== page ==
“The only thing that stops a bad guy with a gun is a good guy with a gun.” – Wayne LaPierre
What comes to mind when you hear the word gun? Depending on which part of the country or which side of the political divide you live in, very different images might come to mind. Some might picture a feeling of security and power or think of the safety of their family or their property. Others might imagine a criminal with a firearm hurting innocent people.
Most of the time when we hear about guns on the news, it is in the context of crimes so it’s natural to subconsciously link guns to crime in our minds. Sure, criminals often use guns to commit their crimes but the interesting thing is that what stops those criminals and prevents those crimes from happening are also guns. And not just in the hands of the police! Civilians carrying guns are known to be a major deterrent to crime.
In this article we’ll look at how introducing gun laws (both banning and allowing guns) relates to the rate of crimes particularly homicides. We’ll consider data on 2 major cities and 3 different states in the United States to see whether the two things relate or not.
The state of crimes in US
In an ideal world, there would be no crimes and no need for guns. However, we do not live in an ideal world. Thousands of crimes continue to occur every day. And you know what else isn’t ideal? The criminal justice system. Not every crime gets solved. Not every criminal is convicted. Not every victim gets justice.
Here are a few sobering facts to consider.
- According to a 2018 report from the FBI, the following are the percentage of crimes for which a perpetrator is identified and acted upon by the criminal justice system.
- 53% aggravated assaults,
- 30% robberies,
- 33% rapes, and
- 62% murders.
- The percentage of murders that result in suspects being identified and acted upon by the criminal justice system dropped from 92% in 1960 to 62% in 2018.
- 185,000 murders committed in the U.S. from the year 1980 to 2008 were still unsolved as of 2010.
It is also found that a huge majority of violent crimes are committed by repeat offenders, including convicted felons that go back to a life of crime after release from prison.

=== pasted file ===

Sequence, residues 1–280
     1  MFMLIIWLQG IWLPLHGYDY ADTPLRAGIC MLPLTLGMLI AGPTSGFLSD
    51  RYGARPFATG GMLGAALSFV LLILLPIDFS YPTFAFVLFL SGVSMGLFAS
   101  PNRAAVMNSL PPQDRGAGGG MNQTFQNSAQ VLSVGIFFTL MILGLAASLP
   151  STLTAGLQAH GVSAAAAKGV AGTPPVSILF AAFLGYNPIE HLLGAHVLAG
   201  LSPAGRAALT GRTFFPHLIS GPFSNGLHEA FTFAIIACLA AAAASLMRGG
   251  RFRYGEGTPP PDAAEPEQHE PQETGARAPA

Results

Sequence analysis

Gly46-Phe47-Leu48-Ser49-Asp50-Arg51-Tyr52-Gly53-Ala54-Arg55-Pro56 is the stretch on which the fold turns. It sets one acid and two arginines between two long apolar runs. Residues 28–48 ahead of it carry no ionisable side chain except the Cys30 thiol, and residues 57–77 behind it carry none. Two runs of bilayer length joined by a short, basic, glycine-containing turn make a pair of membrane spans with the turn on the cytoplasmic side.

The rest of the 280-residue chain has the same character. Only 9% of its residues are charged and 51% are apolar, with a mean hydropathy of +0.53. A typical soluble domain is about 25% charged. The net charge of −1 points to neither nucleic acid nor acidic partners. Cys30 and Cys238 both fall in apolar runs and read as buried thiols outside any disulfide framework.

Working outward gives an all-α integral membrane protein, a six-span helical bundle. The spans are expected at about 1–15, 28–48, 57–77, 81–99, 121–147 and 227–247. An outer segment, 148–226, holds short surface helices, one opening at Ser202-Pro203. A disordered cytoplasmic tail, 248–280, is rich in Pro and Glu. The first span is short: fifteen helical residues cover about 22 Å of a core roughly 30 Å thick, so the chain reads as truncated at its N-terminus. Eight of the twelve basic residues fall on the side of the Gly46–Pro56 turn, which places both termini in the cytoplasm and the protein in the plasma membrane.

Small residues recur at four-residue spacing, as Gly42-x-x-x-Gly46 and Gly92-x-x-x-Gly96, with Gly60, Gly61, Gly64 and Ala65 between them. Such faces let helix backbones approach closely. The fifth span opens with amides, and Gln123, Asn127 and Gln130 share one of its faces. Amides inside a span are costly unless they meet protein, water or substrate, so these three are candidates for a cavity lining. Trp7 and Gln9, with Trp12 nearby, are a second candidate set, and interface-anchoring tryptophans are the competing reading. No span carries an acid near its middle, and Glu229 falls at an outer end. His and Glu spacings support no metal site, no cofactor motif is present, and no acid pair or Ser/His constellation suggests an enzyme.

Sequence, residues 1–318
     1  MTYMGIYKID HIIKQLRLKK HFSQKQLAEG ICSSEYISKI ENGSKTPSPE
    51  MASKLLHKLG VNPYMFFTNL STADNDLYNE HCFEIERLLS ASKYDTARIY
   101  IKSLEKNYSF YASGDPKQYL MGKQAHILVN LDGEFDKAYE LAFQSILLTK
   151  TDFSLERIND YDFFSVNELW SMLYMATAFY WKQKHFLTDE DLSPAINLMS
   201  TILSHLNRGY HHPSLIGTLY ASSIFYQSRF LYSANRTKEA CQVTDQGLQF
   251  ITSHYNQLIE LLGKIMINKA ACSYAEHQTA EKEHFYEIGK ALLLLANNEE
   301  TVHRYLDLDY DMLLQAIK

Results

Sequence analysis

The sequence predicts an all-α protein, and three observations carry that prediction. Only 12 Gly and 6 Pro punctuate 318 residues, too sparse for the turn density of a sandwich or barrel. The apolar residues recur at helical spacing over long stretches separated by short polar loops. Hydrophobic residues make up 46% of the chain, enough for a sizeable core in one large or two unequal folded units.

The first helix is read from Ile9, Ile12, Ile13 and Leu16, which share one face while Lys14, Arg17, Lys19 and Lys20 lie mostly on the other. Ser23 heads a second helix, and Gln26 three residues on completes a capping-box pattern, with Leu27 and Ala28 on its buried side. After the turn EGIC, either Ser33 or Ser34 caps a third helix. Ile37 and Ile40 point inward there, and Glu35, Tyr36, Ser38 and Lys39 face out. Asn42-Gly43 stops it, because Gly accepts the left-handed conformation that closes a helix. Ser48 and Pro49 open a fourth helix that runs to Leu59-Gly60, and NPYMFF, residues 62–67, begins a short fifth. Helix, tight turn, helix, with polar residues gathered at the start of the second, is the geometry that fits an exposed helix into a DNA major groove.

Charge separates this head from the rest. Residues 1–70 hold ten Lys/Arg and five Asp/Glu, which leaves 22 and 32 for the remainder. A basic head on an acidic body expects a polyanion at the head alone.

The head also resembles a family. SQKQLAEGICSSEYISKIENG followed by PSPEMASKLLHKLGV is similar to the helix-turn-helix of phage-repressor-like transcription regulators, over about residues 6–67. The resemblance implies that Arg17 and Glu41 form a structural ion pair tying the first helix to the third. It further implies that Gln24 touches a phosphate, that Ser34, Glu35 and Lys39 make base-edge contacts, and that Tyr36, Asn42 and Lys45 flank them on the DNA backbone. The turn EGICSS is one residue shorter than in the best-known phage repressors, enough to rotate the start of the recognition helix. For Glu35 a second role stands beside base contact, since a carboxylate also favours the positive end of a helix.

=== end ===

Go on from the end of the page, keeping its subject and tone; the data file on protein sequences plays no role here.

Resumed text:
- According to a 2014 U.S. Justice Department study on 404,638 felons released from state prisons in 2005, within 5 years of their release 77% were arrested again for a new crime, and 29% for a new violent offense. The numbers of new crimes for which these convicts were arrested are:
- 3,642 murders
- 6,879 rapes/sexual assaults
- 22,255 new robberies
- 93,067 assaults
Guns Laws and Bans vs. Crime Rate
For three decades Washington, DC had one of the strictest gun laws in the United States until they were repealed by the Supreme Court. On September 24, 1976, the Washington, DC, City Council passed the Firearms Control Regulations Act of 1975. This law prohibited residents from possessing and acquiring handguns, automatic firearms, and semi-automatic firearms. The only exceptions were for police officers and guns registered before 1976. In addition, the law also required guns kept at homes to be unloaded, disassembled, or installed with a trigger lock. This was essentially preventing the use of guns for self-defense at home.
On June 26, 2008, in the historic case of District of Columbia v. Heller, the Supreme Court, in a 5 to 4 ruling, determined that the ban violated the Second Amendment and was therefore unconstitutional.
The following graph shows the murder rates in Washington, DC before, during, and after this ban compared with those of the entire US.